Regional Arts Australia

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Regional Arts Australia
Typepeak organisation
ABN: 45 000 525 182
  • Melbourne, VIC, Australia
Area served
Formerly called
Arts Council of Australia (1966 – 1998)

Regional Arts Australia is the national peak body for regional arts organisations throughout Australia.[1][2] Formed in 1966 as the Arts Council of Australia, it is a federation of the peak non-metropolitan community arts organisations in each of the Australian states and territories.[3] It advocates better recognition and support for the regional, rural and remote arts sector in Australia. It initiates and manages projects to support regional artists, artsworkers and communities in arts practice, arts promotion and audience development in the regional and rural sectors.[4]


The origin of the Arts Council movement in Australia was the New South Wales based Council for the Encouragement of Music and the Arts (CEMA) formed in 1943 by the singer Dorothy Helmrich modelled on the British organisation of the same name.[3] In 1947 the New South Wales Division of CEMA decided to change its name to the Arts Council of Australia (NSW Division) with a view to establishing a national body.[5] Lack of funding delayed that vision being realised until 1966. Arts Councils were formed in South Australia (1946, lapsed in 1952 and reformed in 1965), Tasmania (1951), the Australian Capital Territory (lapsed in 1952 and reformed in 1962), Queensland (1961), Victoria (1969), the Northern Territory (1967) and Western Australia (1973).[3] In 1998, the organisation changed its name to Regional Arts Australia.[6]

Member organisations[edit]

The constituent members of Regional Arts Australia are:[7]

State or Territory Organisation Website
New South Wales Regional Arts NSW
Northern Territory Arts NT
Queensland Queensland Arts Council
South Australia Country Arts SA
Victoria Regional Arts Victoria
Western Australia Country Arts WA

Alliances and associations[edit]

In 2003, it joined with four other peak industry bodies, the Federation of Australian Historical Societies, Museums Australia, the Australian Council of National Trusts, and the Australian Library and Information Association, to form The Regional Cultural Alliance in order to "help regional artists gain greater access to skills development and training as well as present a united front when lobbying government ... to better co-ordinate existing programs for cultural development in the regions and recognise the economic opportunities art and culture create for regional centres."[2]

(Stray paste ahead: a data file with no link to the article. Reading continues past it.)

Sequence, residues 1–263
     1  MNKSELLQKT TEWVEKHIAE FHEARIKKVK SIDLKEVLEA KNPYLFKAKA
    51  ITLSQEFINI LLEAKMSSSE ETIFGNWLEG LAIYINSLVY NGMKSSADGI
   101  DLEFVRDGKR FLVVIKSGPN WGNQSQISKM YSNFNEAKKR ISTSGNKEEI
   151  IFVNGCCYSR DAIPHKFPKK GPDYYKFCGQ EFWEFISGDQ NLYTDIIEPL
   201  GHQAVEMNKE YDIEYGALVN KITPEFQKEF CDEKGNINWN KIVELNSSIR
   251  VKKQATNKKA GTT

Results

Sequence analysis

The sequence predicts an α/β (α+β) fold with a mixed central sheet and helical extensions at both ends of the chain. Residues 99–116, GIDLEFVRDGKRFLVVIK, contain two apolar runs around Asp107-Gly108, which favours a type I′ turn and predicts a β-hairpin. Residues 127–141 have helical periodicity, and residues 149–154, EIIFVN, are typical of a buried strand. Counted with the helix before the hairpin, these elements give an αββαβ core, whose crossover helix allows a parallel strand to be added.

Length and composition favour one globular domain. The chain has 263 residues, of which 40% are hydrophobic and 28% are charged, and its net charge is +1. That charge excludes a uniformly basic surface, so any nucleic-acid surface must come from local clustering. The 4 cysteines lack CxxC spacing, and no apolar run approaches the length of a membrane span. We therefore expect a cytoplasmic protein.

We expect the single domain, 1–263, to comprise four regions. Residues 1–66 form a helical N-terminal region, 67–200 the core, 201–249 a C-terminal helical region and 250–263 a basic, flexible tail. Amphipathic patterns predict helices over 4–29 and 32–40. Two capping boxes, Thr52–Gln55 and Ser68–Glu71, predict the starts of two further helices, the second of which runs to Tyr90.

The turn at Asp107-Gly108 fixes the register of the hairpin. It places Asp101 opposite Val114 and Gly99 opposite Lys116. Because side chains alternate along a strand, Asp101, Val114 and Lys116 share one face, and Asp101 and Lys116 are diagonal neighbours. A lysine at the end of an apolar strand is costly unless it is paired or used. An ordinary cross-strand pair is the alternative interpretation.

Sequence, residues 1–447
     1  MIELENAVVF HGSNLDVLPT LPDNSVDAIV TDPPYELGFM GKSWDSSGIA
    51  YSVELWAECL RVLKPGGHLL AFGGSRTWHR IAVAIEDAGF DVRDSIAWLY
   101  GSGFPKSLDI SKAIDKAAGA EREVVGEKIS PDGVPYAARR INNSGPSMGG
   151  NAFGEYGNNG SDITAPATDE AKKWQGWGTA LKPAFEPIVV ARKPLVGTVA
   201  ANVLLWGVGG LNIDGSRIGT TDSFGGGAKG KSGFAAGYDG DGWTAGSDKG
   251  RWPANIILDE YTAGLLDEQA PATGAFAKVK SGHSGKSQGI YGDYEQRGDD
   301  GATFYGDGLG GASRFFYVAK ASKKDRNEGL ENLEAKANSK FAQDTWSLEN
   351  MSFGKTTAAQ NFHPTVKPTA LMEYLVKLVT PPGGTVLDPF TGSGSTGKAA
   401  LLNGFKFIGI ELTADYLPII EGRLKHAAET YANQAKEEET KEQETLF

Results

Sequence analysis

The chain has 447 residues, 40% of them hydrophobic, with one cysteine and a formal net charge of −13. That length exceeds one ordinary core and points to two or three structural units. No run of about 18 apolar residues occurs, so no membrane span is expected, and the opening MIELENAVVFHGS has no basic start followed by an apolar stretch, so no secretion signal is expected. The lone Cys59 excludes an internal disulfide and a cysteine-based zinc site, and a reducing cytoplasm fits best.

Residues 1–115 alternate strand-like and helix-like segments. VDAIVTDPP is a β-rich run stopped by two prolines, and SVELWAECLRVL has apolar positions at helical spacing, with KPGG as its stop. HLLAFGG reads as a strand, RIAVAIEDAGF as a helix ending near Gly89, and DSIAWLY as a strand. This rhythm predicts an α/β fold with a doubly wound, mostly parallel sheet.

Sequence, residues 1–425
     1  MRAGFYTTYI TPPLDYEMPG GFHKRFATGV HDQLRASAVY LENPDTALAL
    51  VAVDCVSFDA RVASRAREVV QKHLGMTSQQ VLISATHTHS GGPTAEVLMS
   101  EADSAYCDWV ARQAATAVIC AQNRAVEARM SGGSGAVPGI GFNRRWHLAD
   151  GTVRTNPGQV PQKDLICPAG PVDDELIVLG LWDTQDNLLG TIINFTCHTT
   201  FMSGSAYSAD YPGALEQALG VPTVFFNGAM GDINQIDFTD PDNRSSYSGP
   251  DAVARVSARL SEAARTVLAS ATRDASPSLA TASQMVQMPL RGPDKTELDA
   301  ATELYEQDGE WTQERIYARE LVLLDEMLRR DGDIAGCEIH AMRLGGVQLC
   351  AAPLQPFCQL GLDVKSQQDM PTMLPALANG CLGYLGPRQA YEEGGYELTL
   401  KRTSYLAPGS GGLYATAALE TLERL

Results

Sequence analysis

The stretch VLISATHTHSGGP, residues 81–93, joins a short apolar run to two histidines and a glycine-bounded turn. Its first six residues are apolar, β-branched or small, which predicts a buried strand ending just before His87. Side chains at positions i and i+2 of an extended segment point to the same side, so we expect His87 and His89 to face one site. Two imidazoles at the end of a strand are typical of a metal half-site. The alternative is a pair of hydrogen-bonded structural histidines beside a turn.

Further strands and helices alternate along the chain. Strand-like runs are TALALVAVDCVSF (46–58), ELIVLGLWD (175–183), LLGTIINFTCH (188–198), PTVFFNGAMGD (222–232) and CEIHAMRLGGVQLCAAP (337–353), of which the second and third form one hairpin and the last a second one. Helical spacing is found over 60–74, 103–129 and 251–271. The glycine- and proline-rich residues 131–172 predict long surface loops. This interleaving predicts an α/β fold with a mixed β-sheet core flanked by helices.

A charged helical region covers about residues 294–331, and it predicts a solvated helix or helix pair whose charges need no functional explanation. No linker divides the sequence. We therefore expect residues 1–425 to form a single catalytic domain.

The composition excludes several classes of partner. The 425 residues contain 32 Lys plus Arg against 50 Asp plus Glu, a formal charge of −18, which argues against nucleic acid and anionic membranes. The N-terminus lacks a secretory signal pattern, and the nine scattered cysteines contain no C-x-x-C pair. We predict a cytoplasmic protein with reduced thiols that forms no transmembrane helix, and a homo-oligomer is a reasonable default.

See also[edit]


  1. ^ "Writing's on the wall", The Canberra Times, 1 March 2006, p 8 via Retrieved 30 September 2011.
  2. ^ a b Cathy Pryor, "A force for the regions", The Australian 4 December 2003 p 15 (Features section); via Australia/New Zealand Reference Centre, EBSCO (database online) Retrieved 19 August 2011.
  3. ^ a b c "Arts Council of Australia" in William H. Wilde, Joy Hooton, and Barry Andrews (eds), The Oxford Companion to Australian Literature, Oxford University Press, 1994, via Oxford Reference Online Retrieved 29 September 2011.
  4. ^ About Us, Regional Arts Australia, Retrieved 30 September 2011.
  5. ^ "C.E.M.A. Takes New Name". The Sydney Morning Herald (NSW : 1842 - 1954). NSW: National Library of Australia. 23 December 1947. p. 4. Retrieved 30 September 2011.
  6. ^ "Regional Arts Australia", Authorities (database online), Libraries Australia, Retrieved 30 September 2011.
  7. ^ Member Organisations, Regional Arts Australia, Retrieved 30 September 2011.

Further reading[edit]

  • Dorothy Helmrich, The first twenty-five years : a study of the Arts Council of Australia, (Sydney, Southwood Press, 1968)

External links[edit]